The Blu-ray Discs:
All twenty-three episodes of Bones are presented in 1.78:1 and they use the AVC MPEG-4 codec. The show's high-definition filming is reproduced nicely here, with consistent black levels and recurring moments of color (including a scene where a skeleton is reproduced using deep blue ink) that look accurate without over saturation. The show does get some moments outside past the lab, and while it doesn't look like the Washington D.C. that I know, the exteriors look natural and have moments of fine image detail which can be discerned. The show looks as good on Blu-ray as it does in its original broadcasts.
DTS-HD Master Audio 5.1 lossless surround for all of the episodes. Things start out nicely in the premiere and Booth's Afghan tour, with channel panning and directional effects present, clear and convincing while you're listening to it. When things get back to normal, the dialogue sounds strong in the center channel, and that rocking intro music from The Crystal Method sounds superb. The show's soundtrack gets justice done for it on Blu-ray, and for shows such as this and House, one really notices the sonic subtleties and appreciate them.
I'm going to go out on a limb and suggest the "Cradle to Grave Edition" is more a play on words for the stories in the season rather than an exhaustive edition of bonus material, even as there is some stuff here. On Disc Two, there is a commentary on "The Doctor in the Photo" with show runner Hart Hanson, episode director Ian Toynton and executive producer Stephen Nathan. Jocular in nature, the trio recounts the intent for the episode and the challenges encountered while filming it. They chip in some raves on a particular performance or cast member, but otherwise there isn't much to be gained from it. On Disc Three, the other commentary can be found on "The Blackout and the Blizzard" with Boreanaz and Deschanel. If you take the previous commentary and strip it of the production insight and add more jokes and giggling, you've got this commentary. There is a small look at the production for this episode titled "Breaking Down" (8:22), where the cast share their thoughts on the episode, explaining a story arc or two and recounting the building of the elevator where Booth and Bones spend their time. Decent stuff.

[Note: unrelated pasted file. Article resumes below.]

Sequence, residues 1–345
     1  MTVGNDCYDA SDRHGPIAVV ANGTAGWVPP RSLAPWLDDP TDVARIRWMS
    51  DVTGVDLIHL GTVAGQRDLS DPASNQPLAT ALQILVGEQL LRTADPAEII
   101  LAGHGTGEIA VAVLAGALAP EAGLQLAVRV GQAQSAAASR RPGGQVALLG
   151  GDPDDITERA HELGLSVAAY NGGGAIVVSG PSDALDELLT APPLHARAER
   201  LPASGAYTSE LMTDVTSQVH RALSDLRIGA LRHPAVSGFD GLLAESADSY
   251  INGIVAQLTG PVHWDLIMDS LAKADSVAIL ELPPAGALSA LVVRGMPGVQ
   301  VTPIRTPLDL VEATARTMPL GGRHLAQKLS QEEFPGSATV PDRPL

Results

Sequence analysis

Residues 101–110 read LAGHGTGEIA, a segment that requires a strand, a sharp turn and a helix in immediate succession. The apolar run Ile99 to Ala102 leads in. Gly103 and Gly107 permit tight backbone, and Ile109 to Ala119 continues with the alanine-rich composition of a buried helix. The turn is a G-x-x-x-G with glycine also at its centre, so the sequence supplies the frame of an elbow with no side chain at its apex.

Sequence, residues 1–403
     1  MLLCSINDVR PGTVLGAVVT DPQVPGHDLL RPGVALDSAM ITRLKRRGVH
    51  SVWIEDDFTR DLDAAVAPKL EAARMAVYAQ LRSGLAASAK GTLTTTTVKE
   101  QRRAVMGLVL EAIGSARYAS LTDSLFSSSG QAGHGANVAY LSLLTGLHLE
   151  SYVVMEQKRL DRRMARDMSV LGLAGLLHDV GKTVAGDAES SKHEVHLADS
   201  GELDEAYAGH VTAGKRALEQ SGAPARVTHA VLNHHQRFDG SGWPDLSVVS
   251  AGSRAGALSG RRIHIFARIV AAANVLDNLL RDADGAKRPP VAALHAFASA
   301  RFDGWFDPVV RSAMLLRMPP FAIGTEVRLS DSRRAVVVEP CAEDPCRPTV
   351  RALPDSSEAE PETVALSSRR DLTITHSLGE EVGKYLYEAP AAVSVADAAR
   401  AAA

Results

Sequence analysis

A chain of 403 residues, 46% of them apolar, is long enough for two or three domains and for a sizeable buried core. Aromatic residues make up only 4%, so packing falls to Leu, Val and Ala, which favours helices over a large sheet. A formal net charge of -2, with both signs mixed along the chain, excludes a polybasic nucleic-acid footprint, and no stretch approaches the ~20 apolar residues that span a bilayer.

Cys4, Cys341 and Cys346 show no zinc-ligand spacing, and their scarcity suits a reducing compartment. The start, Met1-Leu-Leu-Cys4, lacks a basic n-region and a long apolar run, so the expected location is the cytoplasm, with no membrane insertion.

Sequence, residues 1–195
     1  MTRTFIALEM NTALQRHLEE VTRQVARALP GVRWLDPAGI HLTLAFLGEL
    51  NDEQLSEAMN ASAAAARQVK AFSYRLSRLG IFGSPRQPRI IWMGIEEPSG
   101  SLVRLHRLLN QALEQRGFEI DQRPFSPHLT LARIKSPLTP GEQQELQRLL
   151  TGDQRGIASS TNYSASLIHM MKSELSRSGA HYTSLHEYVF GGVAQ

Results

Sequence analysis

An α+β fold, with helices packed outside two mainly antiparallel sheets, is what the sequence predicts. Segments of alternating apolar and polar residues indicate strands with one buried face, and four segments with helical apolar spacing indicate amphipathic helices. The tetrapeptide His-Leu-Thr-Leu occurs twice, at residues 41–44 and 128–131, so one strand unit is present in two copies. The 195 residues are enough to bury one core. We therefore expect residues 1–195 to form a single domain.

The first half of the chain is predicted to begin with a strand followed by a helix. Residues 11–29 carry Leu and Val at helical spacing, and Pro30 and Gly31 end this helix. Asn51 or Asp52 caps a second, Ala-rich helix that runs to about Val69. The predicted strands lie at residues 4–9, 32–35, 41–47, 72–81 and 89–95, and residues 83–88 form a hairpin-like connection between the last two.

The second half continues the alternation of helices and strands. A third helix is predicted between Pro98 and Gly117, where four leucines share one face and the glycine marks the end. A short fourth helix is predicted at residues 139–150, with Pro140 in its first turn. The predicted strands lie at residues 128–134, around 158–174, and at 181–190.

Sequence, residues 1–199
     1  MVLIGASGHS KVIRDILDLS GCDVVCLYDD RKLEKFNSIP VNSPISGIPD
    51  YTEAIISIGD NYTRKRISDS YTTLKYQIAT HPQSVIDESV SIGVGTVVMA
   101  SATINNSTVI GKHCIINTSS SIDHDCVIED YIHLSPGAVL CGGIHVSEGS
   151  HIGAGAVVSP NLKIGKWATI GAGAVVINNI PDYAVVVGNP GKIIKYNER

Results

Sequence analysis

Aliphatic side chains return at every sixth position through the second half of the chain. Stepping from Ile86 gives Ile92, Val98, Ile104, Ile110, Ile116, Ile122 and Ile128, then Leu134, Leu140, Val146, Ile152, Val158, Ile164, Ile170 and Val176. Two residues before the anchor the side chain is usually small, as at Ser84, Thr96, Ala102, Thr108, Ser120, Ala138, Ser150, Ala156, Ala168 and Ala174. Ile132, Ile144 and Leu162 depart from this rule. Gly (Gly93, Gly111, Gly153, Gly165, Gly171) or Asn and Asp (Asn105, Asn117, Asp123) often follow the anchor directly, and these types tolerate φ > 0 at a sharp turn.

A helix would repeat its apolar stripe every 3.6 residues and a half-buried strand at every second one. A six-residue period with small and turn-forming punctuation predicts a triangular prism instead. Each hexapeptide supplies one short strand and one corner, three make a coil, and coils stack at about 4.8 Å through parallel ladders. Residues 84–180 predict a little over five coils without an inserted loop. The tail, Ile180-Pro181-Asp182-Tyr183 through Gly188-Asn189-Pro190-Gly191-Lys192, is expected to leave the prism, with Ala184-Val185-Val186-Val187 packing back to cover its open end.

The other extras are on Disc Four, starting with a slightly funny gag reel (4:24), followed by "The Visual Effects of Bones" (11:50) where the makeup and visual effects departments are highlighted, showing their work and (in the case of the computer effects team) a bit of comparison footage on some scenes that are intriguing. The pilot for the AMC show (and presumably Fox-produced) The Killing (45:31) completes this set.
Bones' sixth season may be similar to recent years of The Simpsons, in that an event or decision behind the scenes has helped breathe new life into the show and characters. While nobody is clamoring for a big-screen version of it, Bones seems to have measurably improved in the last three seasons and is well worth the leap, regardless if you've been in the pool before or not. Technically it's solid and is a little hollow on the bonus side, but certainly worth your time.